Alex: I grew up helping my Mom cook. I would always start cooking with my Mom but then would end up watching football with my Dad. My sister was the one that ended up really spending time in the kitchen when we were younger. I became more of the taste tester. I observed more than anything. When I got into high school I took a cooking class and learned some baking techniques from my Uncle going through culinary school. I got completely obsessed with baking cakes. I baked about 50 of Paula Deen’s (not a fan anymore) recipes. I brought a cake to school most days to share with teachers (I was a nerd… I am a nerd). I love the precision of baking. My favorite time to bake is late at night alone (no distractions). Even though I like to bake alone, I have always loved the healing power of food. I might have not learned all of my Mom’s recipes but I did learn from her how to open your home up to someone and bring them joy through a shared meal.

Q: What’s your favorite thing to make for one another?

Will: I love to make burgers for Alex, it was also the first thing I ever cooked her. Simple but tasty, the flavor increases tenfold when a few simple techniques are put into place. And they come together quickly, which is an added bonus.

Alex: Since I am the certified dish washer I like to make one-pan dishes (however, I usually use 6 spoons every time I cook). Arepas and enchiladas are my go-to. Will is always surprised how simple they are but they always pack a flavor punch. Arepas are my favorite thing my Mom cooks and they are my favorite dish to share with others.

Q: How did you decide to start a supper club? What’s the genesis of the name “Moontide Sundries?”

A: On a plane ride back from New Mexico (a trip we took planning our upcoming wedding!), we watched a documentary on a couple that started a restaurant in their home in Chicago. We both just looked at each other and said, “that seems like fun… crazy, but fun!” So, by December 2018 we created a unique food experience that could bring people together. We had little money and time so the Supper Club was the perfect creative outlet for us.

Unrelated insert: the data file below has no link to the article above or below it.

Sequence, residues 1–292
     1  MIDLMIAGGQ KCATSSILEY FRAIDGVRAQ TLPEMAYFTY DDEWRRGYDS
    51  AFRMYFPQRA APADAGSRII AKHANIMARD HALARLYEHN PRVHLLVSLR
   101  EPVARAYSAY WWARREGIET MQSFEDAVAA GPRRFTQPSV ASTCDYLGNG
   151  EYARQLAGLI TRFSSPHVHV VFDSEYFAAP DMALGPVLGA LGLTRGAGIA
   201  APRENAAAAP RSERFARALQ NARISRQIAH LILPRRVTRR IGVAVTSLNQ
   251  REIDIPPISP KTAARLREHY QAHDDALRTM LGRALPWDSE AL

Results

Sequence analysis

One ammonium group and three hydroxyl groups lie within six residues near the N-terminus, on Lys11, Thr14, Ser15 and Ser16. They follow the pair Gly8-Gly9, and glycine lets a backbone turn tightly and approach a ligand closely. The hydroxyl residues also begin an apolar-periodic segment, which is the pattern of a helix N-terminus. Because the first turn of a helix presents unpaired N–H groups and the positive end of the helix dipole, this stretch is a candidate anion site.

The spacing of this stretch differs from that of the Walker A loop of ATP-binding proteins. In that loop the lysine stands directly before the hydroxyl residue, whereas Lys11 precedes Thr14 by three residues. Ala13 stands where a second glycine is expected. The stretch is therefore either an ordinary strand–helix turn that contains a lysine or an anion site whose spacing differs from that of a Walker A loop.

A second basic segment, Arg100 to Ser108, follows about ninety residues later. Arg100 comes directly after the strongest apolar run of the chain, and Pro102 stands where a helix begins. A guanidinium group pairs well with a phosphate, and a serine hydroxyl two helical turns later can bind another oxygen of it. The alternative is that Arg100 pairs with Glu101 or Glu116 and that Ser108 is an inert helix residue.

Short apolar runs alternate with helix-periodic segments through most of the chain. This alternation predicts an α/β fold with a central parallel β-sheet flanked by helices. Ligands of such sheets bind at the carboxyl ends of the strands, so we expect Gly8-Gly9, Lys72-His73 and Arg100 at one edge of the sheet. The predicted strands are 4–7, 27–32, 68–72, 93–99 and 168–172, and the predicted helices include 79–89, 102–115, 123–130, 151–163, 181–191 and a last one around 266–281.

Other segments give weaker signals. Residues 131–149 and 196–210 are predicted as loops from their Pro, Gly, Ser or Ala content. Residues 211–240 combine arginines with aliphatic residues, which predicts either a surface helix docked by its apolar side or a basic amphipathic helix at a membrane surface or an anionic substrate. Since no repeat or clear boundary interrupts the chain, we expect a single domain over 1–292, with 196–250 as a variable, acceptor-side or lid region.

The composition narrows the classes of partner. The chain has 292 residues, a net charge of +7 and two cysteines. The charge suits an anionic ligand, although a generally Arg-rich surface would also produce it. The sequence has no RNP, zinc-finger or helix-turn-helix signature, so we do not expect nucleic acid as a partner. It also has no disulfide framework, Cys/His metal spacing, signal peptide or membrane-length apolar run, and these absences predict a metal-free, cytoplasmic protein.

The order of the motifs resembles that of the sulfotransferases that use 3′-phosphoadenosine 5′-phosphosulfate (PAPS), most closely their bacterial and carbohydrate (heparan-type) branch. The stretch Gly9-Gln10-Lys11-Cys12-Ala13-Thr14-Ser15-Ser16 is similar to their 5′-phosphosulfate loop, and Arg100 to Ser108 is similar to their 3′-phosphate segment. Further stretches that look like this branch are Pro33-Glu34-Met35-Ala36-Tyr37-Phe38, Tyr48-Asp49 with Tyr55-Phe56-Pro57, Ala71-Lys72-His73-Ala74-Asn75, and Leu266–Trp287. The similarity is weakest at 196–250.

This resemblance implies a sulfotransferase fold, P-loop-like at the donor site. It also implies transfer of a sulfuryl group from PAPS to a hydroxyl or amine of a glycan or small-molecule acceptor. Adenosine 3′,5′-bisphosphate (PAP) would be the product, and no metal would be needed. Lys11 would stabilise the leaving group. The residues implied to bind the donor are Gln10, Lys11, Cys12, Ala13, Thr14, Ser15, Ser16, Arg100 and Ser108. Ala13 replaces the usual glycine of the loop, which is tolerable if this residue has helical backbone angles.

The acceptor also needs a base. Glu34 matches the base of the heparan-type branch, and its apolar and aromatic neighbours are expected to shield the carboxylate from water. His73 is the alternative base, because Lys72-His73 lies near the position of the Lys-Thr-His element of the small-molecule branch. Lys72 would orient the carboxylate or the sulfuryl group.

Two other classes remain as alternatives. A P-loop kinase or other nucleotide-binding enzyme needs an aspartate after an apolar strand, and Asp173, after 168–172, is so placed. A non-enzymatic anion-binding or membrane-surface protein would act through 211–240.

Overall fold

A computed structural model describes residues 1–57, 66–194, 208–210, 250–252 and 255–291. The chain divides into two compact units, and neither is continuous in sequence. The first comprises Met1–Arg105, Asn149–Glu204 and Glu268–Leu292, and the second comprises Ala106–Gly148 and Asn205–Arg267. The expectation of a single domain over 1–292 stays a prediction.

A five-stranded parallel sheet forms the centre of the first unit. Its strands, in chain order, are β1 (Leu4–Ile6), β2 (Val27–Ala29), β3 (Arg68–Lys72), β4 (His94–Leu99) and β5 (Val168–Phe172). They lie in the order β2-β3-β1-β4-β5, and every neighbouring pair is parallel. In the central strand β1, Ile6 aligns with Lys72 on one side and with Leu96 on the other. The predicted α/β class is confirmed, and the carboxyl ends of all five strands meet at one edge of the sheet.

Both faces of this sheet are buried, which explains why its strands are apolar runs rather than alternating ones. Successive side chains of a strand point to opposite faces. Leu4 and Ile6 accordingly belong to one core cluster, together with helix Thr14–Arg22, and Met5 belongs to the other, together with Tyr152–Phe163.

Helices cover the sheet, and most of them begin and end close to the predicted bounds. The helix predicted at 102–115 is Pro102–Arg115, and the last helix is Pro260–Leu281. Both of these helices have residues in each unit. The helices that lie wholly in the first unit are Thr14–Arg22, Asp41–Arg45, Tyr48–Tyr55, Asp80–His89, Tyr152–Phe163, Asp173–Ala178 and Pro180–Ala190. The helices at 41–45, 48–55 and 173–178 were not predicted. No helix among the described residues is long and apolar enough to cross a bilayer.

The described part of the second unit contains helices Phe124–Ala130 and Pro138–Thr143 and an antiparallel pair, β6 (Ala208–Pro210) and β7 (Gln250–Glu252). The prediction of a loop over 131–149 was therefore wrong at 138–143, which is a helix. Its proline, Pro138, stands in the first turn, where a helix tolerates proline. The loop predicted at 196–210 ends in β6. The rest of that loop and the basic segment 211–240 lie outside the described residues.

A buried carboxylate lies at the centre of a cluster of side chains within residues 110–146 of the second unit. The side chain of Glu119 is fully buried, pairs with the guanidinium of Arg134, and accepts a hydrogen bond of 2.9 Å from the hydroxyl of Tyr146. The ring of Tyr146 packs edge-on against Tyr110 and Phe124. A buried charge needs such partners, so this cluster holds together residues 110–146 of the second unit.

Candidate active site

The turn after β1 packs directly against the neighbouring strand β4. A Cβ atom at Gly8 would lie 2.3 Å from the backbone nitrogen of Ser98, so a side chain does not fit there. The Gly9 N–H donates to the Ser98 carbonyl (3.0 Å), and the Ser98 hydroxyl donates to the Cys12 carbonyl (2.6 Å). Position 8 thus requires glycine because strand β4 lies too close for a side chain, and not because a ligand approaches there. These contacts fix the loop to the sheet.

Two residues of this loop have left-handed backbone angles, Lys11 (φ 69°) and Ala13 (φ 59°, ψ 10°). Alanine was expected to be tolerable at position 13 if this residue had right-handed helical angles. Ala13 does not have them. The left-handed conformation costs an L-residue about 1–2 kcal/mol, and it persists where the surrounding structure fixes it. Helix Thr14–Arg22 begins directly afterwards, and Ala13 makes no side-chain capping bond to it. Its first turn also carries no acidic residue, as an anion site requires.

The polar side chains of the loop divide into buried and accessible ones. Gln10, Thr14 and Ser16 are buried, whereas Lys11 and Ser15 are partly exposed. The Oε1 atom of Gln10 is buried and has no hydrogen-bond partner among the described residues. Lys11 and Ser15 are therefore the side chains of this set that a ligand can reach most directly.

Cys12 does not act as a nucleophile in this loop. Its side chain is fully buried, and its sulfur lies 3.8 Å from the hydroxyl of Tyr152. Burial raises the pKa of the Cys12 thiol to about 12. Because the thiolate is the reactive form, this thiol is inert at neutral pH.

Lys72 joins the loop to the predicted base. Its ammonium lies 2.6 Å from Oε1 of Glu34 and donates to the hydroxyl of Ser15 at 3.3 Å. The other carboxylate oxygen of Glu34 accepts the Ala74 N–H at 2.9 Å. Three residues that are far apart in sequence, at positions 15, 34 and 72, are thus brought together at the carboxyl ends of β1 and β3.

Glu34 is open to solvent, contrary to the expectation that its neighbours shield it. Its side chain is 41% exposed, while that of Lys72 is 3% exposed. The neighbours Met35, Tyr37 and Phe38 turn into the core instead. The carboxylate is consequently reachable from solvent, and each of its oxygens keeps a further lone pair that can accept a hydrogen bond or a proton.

This experience has taught us how to work together, how to improve and elevate flavors, work our asses off and have fun doing it. This shit is seriously so much fun, it allows me to be as creative as I can be, and taught me how to be okay with imperfections. I’m not gonna lie, we have had some late nights trying to execute these events and have pondered our sanity. But seeing our guests leave happy makes everything we do worth the while.

We knew we needed a name. Alex grew up at the beach and always loved and identified with the ocean. I wanted something that would reflect a changing menu and idea. The moon affects the tides, which is always changing, and Sundries means nothing in particular, which is what we do. Food that changes every time with no one focus on anything. Our food isn’t aimless, it just has no boundaries. Every time we get asked this question we seem to answer a little differently, which is how we like it. Quirky and unique, each and every time.

Q: When was your first supper club? How have things evolved since then?

A: December 16th, 2018. We used to do four courses, now we do seven. We are always working to create new dishes that we would like to eat, and our portion sizes have definitely become more reasonable. 🙂 We are now more organized, and less insane. The only thing that hasn’t changed is that our guests are completely stellar, always open to the experience and eager to try something new. We love them.

Q: What inspires you to get in the kitchen?

A: Youtube. A never-ending hunger, and my obsession with flavors and food and how it relates to the world around me, and the things it teaches me. Patience, intuition, admiration, and loving thyself. After all, food is really just fuel.

Q: Who are some of your favorite chefs and what are some of your favorite cookbooks?

Will: Matty Matheson- a cookbook, Vivian Howard- Deep Run Roots, David Chang’s Momofuku cookbook, Matt Danzer & Ann Redding at Uncle Boon’s in NYC, All of the Bon Appetit test chefs, I love those magazines and youtube videos. Youtube Channels: Maangchi, Asian At Home, Chef’s Night Out, It’s Alive with Brad, The Brothers Green

Alex: I grew up watching Ina with my sister, we used to fantasize about hosting parties in a beautiful garden like hers. I feel very fortunate to host parties in my humble home now. I love her book, Ina Garten Foolproof: Recipes You Can Trust.